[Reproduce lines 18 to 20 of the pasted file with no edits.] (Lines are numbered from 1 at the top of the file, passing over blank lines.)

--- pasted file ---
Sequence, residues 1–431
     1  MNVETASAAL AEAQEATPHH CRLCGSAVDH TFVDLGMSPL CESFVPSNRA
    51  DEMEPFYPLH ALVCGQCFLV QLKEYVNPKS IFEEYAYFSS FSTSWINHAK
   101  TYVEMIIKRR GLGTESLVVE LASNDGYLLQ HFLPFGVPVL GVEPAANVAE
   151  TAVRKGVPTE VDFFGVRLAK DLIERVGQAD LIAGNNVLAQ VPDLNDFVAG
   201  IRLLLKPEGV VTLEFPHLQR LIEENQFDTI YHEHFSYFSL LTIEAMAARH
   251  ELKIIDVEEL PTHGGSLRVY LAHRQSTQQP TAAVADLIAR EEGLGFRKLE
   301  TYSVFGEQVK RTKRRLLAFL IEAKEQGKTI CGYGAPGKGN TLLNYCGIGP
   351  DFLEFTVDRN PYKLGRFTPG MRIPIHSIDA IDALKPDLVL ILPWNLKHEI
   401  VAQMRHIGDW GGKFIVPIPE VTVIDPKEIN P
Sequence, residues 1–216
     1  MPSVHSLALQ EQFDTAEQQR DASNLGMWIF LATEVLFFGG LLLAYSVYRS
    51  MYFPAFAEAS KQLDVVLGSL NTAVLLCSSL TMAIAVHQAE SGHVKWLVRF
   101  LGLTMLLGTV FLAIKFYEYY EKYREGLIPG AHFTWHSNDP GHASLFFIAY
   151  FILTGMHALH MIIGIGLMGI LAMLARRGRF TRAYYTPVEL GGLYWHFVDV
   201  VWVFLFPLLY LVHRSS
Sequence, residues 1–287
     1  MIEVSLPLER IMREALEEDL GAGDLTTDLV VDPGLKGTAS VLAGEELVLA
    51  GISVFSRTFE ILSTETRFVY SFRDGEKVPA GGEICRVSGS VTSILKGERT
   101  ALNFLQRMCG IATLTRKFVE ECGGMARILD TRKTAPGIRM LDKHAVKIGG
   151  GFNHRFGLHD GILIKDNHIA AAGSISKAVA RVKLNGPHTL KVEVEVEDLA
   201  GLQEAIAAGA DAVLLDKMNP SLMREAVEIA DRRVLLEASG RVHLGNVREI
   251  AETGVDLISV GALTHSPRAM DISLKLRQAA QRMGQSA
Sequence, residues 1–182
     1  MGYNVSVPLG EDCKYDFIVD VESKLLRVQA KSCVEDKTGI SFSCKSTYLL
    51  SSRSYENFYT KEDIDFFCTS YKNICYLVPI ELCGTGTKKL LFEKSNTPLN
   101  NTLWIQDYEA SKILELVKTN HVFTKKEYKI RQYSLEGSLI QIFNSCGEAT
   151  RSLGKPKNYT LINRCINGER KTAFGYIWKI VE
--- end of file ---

     1  MIEVSLPLER IMREALEEDL GAGDLTTDLV VDPGLKGTAS VLAGEELVLA
    51  GISVFSRTFE ILSTETRFVY SFRDGEKVPA GGEICRVSGS VTSILKGERT
   101  ALNFLQRMCG IATLTRKFVE ECGGMARILD TRKTAPGIRM LDKHAVKIGG